Oil Crisis! (Part 1)

gas-station-with-closed-pumps-everett

The headlines should read: “OIL CRISIS”…. but they don’t.

To the watchful eye, however, the crisis is real, current and critical.

I am not talking about the Middle East, the Ayatollah, or the Saudi’s. No. Rather, I speak of a land and people who have been granted a greater abundance of access and right to oil than any nation, geographical region, or worldly power has ever conceived.

The crisis was brought to the forefront by Christ in Luke 12:35 when He prefaced a parable about preparedness and watchfulness, with these words: “Be dressed in readiness, with your lamps lit.”

More notable, and somewhat cryptic, Christ years later tells the story of 10 virgins at the end of the Age.  Of them, He prophecies of the Kingdom of God, that of these “pure, holy and set-apart ones”, who represented all those who had identified themselves with our Lord, Himself – the Bridegroom – would be distinguished as Wise or Foolish.  In this example, our Lord makes it crystal clear that among those who identify themselves as belonging to “Him” (the Virgins: “pure, holy and set-apart”), that as much as half, would suffer fatal eternal consequences for their “lack of oil”…

“Then the kingdom of heaven will be comparable to ten virgins, who took their lamps and went out to meet the bridegroom. Five of them were foolish, and five were prudent. For when the foolish took their lamps, they took no oil with them, but the prudent took oil in flasks along with their lamps. Now while the bridegroom was delaying, they all got drowsy and began to sleep. But at midnight there was a shout, ‘Behold, the bridegroom! Come out to meet him.’ Then all those virgins rose and trimmed their lamps. The foolish said to the prudent, ‘Give us some of your oil, for our lamps are going out.’ But the prudent answered, ‘No, there will not be enough for us and you too; go instead to the dealers and buy some for yourselves.’ And while they were going away to make the purchase, the bridegroom came, and those who were ready went in with him to the wedding feast; and the door was shut. Later the other virgins also came, saying, ‘Lord, lord, open up for us.’ But he answered, ‘Truly I say to you, I do not know you.’ Be on the alert then, for you do not know the day nor the hour.” (Matthew 25:1-13)

In light of the frightening prospect revealed herein – that some have lamps, but no oil – the question begs to be asked: What is the oil, and how can I be sure to have some?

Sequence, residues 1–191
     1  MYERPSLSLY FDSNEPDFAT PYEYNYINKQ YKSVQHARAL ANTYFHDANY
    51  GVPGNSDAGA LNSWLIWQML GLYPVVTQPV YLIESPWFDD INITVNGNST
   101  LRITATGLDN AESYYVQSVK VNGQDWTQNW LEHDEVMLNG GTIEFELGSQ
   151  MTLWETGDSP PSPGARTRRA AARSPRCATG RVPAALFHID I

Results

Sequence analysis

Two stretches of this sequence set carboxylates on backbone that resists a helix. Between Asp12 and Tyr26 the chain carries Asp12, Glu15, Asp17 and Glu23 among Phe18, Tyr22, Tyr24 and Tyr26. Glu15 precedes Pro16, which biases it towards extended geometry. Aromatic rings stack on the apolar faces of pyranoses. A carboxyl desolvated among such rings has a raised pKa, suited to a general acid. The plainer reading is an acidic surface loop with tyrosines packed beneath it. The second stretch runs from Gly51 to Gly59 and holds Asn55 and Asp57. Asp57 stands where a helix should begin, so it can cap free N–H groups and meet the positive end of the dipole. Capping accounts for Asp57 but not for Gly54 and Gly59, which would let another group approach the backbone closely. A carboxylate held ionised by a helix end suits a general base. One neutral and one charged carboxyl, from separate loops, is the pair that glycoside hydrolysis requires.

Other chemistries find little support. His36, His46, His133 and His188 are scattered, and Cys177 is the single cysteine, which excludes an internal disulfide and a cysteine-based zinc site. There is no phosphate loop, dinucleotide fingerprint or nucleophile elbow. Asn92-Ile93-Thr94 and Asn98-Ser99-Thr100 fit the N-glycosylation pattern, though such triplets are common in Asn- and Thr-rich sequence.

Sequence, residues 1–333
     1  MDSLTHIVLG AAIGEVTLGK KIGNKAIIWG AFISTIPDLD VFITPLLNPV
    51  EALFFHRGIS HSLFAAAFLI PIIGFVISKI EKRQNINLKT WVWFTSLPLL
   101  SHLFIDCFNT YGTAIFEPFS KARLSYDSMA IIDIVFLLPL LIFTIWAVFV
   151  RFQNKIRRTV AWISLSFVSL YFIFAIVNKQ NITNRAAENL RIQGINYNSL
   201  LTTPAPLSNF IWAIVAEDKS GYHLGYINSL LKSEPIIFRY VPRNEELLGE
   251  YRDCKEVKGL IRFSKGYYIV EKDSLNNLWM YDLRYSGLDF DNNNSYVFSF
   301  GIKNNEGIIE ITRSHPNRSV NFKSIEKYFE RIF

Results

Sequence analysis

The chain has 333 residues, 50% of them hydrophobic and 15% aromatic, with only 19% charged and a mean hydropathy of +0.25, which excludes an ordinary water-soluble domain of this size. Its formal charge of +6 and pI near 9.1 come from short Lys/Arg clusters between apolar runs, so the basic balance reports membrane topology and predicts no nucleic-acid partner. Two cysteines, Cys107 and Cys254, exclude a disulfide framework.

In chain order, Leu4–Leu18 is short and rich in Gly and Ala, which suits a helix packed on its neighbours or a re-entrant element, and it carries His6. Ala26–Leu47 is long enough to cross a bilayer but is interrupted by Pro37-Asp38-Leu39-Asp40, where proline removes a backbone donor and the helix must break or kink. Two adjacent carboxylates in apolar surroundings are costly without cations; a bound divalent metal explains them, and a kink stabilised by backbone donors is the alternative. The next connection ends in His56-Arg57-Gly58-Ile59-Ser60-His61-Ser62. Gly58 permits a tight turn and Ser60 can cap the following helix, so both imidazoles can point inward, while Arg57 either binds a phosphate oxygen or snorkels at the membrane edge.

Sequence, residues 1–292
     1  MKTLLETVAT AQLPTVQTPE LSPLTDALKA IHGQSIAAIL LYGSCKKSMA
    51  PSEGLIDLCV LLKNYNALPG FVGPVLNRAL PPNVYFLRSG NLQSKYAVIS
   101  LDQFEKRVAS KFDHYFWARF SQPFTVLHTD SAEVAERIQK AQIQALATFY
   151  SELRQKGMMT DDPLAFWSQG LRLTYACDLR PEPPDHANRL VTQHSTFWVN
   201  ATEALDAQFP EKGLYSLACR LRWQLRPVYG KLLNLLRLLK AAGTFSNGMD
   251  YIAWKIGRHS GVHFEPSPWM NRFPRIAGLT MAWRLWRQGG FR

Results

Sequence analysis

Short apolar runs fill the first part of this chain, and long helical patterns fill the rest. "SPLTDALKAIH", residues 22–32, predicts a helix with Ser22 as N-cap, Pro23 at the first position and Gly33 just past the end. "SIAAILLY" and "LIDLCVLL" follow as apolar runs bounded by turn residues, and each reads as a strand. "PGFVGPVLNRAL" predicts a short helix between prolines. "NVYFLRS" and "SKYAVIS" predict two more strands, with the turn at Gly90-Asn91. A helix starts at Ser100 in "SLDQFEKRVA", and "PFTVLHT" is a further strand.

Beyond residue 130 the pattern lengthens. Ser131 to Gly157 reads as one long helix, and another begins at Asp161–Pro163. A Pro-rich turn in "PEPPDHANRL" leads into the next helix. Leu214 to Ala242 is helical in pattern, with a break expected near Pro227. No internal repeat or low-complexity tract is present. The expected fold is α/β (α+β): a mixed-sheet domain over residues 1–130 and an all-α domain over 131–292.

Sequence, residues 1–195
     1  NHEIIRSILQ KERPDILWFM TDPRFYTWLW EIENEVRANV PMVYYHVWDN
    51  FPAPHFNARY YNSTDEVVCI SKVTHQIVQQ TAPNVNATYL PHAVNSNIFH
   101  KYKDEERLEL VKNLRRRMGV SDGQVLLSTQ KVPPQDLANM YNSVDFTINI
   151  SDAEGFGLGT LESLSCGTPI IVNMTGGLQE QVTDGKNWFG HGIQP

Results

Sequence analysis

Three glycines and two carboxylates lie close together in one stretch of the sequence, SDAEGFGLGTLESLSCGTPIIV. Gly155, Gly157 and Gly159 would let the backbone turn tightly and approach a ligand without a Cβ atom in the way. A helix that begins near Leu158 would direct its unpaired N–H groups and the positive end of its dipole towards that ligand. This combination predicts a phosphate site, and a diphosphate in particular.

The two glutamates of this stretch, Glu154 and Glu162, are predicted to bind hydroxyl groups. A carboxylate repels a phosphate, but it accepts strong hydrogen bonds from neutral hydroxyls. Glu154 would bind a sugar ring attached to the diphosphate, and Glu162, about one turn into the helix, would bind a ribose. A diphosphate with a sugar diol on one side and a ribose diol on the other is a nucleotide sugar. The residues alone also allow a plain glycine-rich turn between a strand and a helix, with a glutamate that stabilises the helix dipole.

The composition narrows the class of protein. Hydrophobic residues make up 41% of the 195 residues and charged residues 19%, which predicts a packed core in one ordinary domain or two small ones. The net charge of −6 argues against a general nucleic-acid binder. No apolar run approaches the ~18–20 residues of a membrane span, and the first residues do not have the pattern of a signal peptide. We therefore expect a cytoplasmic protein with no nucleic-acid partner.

But first, I think it is insightful and prudent to know what the lamp is, who it is that has a lamp, and why anyone would think that a lamp alone is good for anything.  Initially, upon reading these and other accounts of lamps and oil, I remained baffled at the thought that anyone would have one without the other, particularly if they had any intention of using the lamp. Unless, of course, they were unaware of their actual need for the lamp. Maybe the lamp has just become a relic on the shelf…

So, what is the lamp?  Psalm 119:105 says: “Your Word [logos] is a lamp to my feet And a light to my path.”

And 2 Peter 1:19:

“So we have the prophetic Word [logos] made more sure, to which you do well to pay attention as to a lamp shining in a dark place, until the day dawns and the morning star arises in your hearts.”

In the original text, the Greek word for “Word” in both of these instances is “Logos”, which is speaking of the written Word (Bible, Scripture) or the Word incarnate, Christ Jesus.  However, there is a second word for “Word” in the original language that exists, and carries great importance: “Rhema”.  Rhema is literally “utterance” – a spoken word heard – such as personally hearing it from the mouth of the speaker.

Consider Matthew 4:4:

“Man shall not live on bread alone, but on every Word (Rhema) that precedes out of the mouth of God.”

This verse, in light of Jesus’ words in John 6:35 – “I am the bread of life”; and, 6:51 “I am the living bread”; we can derive that Jesus Christ, the Logos, says of Himself, that “man shall not live on the Logos alone, but by every Rhema that proceeds from the mouth of God” – what a great mystery this is!